- Eczema support groups are gatherings where you can meet other people with this skin condition.
- Nurses, social workers, or volunteers often lead these support groups.
- You can find in-person groups through your doctor or an organization, like the National Eczema Association, or search for virtual meetups through Facebook and other social media sites.
Living with a condition that affects your skin can have a big effect on your emotions and self-esteem.
When swollen, itchy patches of eczema pop up, they can be hard to hide. They can appear red, purple, ashen gray, or dark brown, depending on your skin tone. They may also be thick, dry, or scaly.
This visible condition can leave you feeling stressed, depressed, and lonely — but joining a support group will show you that you’re far from alone.
These groups, some run by health professionals and others by volunteers or community members, gather people with eczema to get together to talk about the symptoms and challenges that are most concerning to them.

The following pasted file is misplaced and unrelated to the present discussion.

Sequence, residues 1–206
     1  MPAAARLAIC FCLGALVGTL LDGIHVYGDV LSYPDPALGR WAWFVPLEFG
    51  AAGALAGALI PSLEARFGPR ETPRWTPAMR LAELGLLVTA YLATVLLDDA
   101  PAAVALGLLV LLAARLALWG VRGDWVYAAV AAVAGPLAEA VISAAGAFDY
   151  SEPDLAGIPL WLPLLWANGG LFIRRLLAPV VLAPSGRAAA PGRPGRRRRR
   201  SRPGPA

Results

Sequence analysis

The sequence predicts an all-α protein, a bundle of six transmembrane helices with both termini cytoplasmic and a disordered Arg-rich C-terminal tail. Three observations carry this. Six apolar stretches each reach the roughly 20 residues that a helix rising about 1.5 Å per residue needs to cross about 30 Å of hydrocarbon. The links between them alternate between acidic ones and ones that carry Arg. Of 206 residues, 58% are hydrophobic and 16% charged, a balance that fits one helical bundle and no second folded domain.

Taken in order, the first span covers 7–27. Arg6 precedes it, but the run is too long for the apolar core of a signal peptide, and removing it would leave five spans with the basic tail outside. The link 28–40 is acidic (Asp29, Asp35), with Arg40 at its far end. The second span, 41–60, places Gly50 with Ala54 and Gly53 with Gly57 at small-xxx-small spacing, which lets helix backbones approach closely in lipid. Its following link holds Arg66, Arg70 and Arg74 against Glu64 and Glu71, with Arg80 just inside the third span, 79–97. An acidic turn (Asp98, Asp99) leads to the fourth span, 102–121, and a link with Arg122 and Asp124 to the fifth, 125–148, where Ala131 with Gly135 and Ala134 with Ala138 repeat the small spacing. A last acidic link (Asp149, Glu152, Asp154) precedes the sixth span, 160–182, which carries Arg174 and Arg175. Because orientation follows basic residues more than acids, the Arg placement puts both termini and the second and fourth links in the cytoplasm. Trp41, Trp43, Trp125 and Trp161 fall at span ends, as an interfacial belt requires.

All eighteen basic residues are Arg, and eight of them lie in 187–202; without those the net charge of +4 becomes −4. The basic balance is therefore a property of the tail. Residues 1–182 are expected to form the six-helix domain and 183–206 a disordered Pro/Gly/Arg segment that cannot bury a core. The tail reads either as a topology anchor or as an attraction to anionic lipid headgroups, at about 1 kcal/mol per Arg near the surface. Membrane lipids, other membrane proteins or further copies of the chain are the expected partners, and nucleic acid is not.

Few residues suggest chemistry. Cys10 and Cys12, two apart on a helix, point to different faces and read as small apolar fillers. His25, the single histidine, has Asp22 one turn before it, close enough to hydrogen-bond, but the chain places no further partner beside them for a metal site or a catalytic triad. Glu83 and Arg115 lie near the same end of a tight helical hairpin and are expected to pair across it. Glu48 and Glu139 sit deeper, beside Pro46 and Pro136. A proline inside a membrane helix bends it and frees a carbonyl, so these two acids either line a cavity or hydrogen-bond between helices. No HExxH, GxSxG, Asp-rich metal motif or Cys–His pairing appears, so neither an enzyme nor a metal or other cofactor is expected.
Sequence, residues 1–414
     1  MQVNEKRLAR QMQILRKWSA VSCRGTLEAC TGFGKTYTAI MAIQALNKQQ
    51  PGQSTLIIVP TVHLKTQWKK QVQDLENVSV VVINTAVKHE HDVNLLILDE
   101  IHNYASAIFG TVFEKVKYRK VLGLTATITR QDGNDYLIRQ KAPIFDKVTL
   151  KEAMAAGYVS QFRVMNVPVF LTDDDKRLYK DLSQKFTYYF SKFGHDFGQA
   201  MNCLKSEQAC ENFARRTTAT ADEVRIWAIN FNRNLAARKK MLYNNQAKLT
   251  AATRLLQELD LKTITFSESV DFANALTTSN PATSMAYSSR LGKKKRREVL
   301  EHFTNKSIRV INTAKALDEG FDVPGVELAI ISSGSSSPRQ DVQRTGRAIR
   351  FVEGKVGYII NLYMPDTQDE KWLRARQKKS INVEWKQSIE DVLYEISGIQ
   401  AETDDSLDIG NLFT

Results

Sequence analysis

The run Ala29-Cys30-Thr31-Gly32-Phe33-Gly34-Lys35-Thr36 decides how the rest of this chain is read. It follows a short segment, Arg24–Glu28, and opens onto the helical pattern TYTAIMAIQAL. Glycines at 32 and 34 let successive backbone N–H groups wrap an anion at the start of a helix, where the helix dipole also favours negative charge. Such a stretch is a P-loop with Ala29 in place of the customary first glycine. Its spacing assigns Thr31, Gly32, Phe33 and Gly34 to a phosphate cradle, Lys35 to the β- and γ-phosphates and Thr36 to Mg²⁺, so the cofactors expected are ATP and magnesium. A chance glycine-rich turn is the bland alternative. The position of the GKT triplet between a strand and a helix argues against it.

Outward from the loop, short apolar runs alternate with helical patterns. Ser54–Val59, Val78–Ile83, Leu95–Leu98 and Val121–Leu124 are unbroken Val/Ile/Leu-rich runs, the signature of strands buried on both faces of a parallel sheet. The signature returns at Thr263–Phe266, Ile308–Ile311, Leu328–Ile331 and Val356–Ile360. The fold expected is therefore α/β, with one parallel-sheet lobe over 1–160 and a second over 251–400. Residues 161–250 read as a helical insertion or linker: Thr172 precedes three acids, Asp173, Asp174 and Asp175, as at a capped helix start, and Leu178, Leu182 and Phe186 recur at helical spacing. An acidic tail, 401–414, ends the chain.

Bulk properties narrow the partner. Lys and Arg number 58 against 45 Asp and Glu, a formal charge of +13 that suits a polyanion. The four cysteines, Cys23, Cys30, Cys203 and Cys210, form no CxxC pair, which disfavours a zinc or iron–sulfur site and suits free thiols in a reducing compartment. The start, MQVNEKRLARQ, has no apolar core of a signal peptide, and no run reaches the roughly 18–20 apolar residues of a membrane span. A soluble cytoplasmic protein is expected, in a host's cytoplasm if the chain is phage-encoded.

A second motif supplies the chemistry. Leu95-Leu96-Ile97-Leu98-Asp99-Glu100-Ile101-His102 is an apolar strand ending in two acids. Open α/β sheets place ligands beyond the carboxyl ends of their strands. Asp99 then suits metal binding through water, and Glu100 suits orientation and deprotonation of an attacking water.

Some eczema support groups are held in person, while others are online. Here’s how to find a support group that fits your needs.
National organizations and independent local groups host in-person support meetings. Some of these groups also have online options.
Here are a few places to find support groups near you.
National Eczema Association (NEA)
The NEA is the leading voice for the more than 31 million Americans living with eczema. This nonprofit organization promotes research, shares information about the condition, and provides advice to people with eczema all over the country.
NEA offers support through its website and toll-free number (800-818-7546).